Passion is Everything
When I first told my mother I wanted to be an actress and do musical theatre, she said, “Oh honey, wouldn’t you rather be a doctor?” Theatre is competitive, and I’m not likely to make much money, even if I am successful. But I want to do it because I’m passionate about it. I’ve discovered that passion is the most moving and powerful thing a person can feel, and it’s what I’ve come to believe in.
This year, when I auditioned for the musical Aida, and found myself cast as Aida, I didn’t know what I was getting into. That show was the hardest, most demanding, most beautiful thing I’ve ever been apart of. The choreographer, Josh Larson, gathered the cast together before teaching the act-one finale, “The Gods love Nubia”. He told us that this number had the potential to be the most powerful number in the show; but in order for us to reach that potential, it meant that we, as performers, had to go to a place we didn’t want to go. “The Gods love Nubia” is about finding hope when you’ve reached rock bottom, and finding the strength to pick yourself up again. To get us ready, Josh asked us to share what we were most afraid of losing. The room was quiet, and then a girl, whose father is a fireman, shared her fear of losing her Dad in a fire. Others shared, but I didn’t know what to say. Josh taught the number and I learned it, but I didn’t feel anything. I’ve never really believed in method acting, putting your real-life emotions into a character to get a response, but I’d never not felt anything as a performer either.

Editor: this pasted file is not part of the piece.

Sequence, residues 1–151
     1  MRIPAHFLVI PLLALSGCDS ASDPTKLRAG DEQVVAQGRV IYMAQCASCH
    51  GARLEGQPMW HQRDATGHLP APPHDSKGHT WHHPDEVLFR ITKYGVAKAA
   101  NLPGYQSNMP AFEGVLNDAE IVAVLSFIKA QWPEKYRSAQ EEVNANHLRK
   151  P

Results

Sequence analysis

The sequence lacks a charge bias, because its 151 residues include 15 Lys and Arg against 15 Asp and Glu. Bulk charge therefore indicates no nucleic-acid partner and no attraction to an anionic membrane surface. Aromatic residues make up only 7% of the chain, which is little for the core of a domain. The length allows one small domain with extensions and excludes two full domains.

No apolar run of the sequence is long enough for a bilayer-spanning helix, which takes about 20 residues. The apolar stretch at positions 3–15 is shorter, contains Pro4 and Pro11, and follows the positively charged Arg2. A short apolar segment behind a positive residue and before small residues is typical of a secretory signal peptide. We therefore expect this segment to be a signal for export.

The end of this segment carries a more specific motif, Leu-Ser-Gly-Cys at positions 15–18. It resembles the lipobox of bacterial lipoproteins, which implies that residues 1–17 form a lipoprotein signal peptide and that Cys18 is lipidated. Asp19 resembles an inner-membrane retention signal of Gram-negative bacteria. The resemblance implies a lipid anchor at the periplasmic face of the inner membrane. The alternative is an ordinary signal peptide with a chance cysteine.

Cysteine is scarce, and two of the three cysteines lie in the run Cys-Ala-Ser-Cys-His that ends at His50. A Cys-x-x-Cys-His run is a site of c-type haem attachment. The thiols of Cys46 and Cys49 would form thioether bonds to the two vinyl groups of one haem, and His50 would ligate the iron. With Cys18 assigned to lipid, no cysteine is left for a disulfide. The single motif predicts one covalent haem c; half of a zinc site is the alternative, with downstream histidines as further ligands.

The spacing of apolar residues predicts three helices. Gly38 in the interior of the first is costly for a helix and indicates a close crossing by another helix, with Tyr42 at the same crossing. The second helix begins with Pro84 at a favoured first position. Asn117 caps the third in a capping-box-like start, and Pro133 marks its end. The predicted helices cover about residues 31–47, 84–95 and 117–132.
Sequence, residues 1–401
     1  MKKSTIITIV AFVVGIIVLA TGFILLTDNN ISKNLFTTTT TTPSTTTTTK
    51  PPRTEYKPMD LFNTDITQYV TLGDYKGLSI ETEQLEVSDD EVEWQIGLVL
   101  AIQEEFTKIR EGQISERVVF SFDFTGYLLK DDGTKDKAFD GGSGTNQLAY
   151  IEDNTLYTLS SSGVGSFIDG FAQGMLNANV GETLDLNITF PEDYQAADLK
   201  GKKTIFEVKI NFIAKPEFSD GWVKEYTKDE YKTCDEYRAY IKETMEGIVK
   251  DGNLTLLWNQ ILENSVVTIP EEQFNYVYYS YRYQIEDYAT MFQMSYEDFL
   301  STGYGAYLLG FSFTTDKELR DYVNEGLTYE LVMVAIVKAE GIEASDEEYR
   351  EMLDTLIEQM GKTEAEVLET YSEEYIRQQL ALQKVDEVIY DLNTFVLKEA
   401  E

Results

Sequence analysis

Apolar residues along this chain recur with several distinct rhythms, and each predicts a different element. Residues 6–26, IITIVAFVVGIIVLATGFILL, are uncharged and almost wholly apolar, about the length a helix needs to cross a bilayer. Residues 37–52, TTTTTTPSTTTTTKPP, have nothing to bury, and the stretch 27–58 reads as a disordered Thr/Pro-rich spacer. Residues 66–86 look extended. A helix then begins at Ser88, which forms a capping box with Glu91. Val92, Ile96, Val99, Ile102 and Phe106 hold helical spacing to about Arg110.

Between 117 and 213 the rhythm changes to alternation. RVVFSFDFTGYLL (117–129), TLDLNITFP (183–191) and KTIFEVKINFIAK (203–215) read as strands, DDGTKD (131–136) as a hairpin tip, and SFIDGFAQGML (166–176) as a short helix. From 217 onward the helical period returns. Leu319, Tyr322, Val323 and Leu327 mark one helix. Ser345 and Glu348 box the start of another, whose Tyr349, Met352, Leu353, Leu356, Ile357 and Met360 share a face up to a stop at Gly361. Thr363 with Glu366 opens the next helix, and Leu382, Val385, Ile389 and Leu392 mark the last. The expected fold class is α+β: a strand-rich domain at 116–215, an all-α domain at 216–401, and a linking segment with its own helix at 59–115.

A few days went by, and I think Josh could sense that we still weren’t committed; so he sat us all down again. I don’t remember what he said exactly, but he basically said, “All right guys, this is mediocre. I won’t settle for that.” He told us that the ugly place we didn’t want to go, maybe it wasn’t real for us, but the emotion and passion had to be. So we took a few seconds, and then tried again. This time, it was completely different. People let themselves risk and be passionate. The whole energy of the room changed. People were crying and laughing, and it was an incredible, almost spiritual experience. Then Josh said something I’ll never forget, “Passion is everything.” I saw what it did in that one little room, in our one little city; but what if it spread? If we took that feeling outside; that energy, strength, and most importantly, passion, maybe the world could be different, better.
My mother wanted me to be a doctor so I could help people. But theatre, what I’m most passionate about, can help people too. Heather Headley, The original Aida said, “Theatre can change the way people look at things, can make them better people”. This is what I believe.
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